Saturday, September 3, 2011

It's about being 51.

Tommy made it home from Wheaton, and is spending Labor Day Weekend in Minneapolis.   A fun change of plans.   I love spontaneity!

So, spontaneously, I'm gonna try to play golf with him.  First time to hit the links in 2 years.  Amazing.  Hip, knee, and now my "flicking" incident in July crippling my hand.  How can golf be such a physical challenge?  I mean really, I usually have to defend it as a sport.   But last time I attempted to play, it became clear that it  matters how all your body part parts are working to swing a club.   Sigh.  Almost 51 will require some Advil Liquigel, and rest following.  Going to give it the ol' college try at least.  Looking forward to it!

Isn't that just it?   We can still do, but the recovery is the issue.

Saturday, June 4, 2011

Homecomings Stir

I've achieved a new stage. As has become typical in this life, albeit resisted and wrestled with before I'll admit it, I am embracing the changes.

The piles of shoes and rapidly emptying cupboards and fridge attest to the return of my children for the summer. Laughter and loud music bounce down the hall to me at all hours. It is not just the sour economy that increases the food budget these days. Items that it took months for me to not impulse buy at the grocery, are once again scrawled on the refrigerator's magnet pad. The dishwasher is full in two days -- instead of every 2 weeks!

Surprisingly, the return of the collegiates has once again stirred the nostalgic in me. I do not truly wish to return to the days of delightfully homebound childrearing, but with great fondness I recollect. I praise God for His provision that allowed me to share so many moments unrecorded by word or photos with the kids. The warm sofa time with the newly wakened nappers. Incessent kitchen duty washing plasticware and sponging up spills. Richard Scarry, A.A. Milne, Beatrix Potter and Seuss. I loved my travels to Busytown, Pooh Corner and MacGregor's garden. Glitter painted shoes and Osh-Kosh overalls. Nursery school programs and sparky shoes running around a soccer field --chasing lawn moths instead of watching the game. Privately owned moments of motherhood that resonate only in my own soul.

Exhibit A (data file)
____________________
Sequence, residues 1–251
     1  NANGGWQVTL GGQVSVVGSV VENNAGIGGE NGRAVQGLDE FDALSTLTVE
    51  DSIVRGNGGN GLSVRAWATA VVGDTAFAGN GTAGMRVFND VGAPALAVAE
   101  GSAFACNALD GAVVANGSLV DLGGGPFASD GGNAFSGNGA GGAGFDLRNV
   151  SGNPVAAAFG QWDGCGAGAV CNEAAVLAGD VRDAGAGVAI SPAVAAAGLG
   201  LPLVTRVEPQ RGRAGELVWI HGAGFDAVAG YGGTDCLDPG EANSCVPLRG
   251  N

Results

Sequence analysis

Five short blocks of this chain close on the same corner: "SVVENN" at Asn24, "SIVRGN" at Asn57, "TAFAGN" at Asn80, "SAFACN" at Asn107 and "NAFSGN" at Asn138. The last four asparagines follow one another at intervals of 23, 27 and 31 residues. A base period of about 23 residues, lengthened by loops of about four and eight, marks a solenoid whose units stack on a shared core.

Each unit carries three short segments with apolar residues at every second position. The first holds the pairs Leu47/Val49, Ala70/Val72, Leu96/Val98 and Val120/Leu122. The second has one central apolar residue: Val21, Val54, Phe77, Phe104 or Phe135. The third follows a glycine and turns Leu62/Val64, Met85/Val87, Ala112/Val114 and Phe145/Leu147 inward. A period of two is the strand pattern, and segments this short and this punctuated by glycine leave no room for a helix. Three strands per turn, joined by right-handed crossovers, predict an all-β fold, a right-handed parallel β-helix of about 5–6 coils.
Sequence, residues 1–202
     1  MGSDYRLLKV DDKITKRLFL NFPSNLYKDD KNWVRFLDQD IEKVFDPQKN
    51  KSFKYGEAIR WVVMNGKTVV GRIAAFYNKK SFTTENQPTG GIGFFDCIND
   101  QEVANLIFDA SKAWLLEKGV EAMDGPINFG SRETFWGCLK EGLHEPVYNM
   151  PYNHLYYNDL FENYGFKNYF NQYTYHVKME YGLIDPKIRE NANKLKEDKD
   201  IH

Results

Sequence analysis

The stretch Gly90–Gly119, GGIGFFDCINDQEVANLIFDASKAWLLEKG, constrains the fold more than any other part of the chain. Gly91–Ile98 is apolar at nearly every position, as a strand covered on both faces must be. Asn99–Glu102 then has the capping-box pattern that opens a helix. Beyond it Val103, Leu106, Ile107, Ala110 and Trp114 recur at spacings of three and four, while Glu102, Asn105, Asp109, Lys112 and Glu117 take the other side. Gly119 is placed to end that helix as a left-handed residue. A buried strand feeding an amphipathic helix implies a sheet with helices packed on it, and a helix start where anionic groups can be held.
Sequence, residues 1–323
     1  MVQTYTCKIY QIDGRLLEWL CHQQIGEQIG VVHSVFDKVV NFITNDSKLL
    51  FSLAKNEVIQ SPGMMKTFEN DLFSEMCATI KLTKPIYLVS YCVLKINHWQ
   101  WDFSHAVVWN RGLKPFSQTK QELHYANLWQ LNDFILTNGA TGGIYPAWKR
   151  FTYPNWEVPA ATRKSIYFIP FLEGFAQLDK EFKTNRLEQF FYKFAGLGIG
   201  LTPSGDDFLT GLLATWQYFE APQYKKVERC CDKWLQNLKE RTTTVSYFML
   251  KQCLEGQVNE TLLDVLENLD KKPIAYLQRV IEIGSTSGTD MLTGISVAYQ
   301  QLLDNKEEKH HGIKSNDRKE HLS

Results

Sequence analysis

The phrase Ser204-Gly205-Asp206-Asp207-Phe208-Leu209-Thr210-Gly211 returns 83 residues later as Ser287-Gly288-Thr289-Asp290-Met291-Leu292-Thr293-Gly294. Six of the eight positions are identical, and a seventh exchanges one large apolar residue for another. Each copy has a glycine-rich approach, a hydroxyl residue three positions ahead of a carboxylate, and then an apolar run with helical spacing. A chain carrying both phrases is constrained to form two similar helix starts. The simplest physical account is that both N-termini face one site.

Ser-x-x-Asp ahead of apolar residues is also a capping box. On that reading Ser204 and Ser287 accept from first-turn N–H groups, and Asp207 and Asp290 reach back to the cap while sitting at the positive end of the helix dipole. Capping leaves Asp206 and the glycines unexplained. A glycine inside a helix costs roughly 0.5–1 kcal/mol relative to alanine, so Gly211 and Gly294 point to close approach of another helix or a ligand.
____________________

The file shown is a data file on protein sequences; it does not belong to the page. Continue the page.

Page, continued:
Then we let the kids out into the world for four hours in kindergarten, and the private moments begin to dwindle.

Sunday, February 27, 2011

Meet Bono talking about Faith in Jesus Christ


Bono Interview: Grace Over Karma

(Excerpt from the book Bono: In Conversation with Michka Assayas)

Bono_Rose_Colored_GlassesBono: My understanding of the Scriptures has been made simple by the person of Christ. Christ teaches that God is love. What does that mean? What it means for me: a study of the life of Christ. Love here describes itself as a child born in straw poverty, the most vulnerable situation of all, without honor. I don't let my religious world get too complicated. I just kind of go: Well, I think I know what God is. God is love, and as much as I respond [sighs] in allowing myself to be transformed by that love and acting in that love, that's my religion. Where things get complicated for me, is when I try to live this love. Now that's not so easy.

Assayas: What about the God of the Old Testament? He wasn't so "peace and love"?

Bono: There's nothing hippie about my picture of Christ. The Gospels paint a picture of a very demanding, sometimes divisive love, but love it is. I accept the Old Testament as more of an action movie: blood, car chases, evacuations, a lot of special effects, seas dividing, mass murder, adultery. The children of God are running amok, wayward. Maybe that's why they're so relatable. But the way we would see it, those of us who are trying to figure out our Christian conundrum, is that the God of the Old Testament is like the journey from stern father to friend. When you're a child, you need clear directions and some strict rules. But with Christ, we have access in a one-to-one relationship, for, as in the Old Testament, it was more one of worship and awe, a vertical relationship. The New Testament, on the other hand, we look across at a Jesus who looks familiar, horizontal. The combination is what makes the Cross.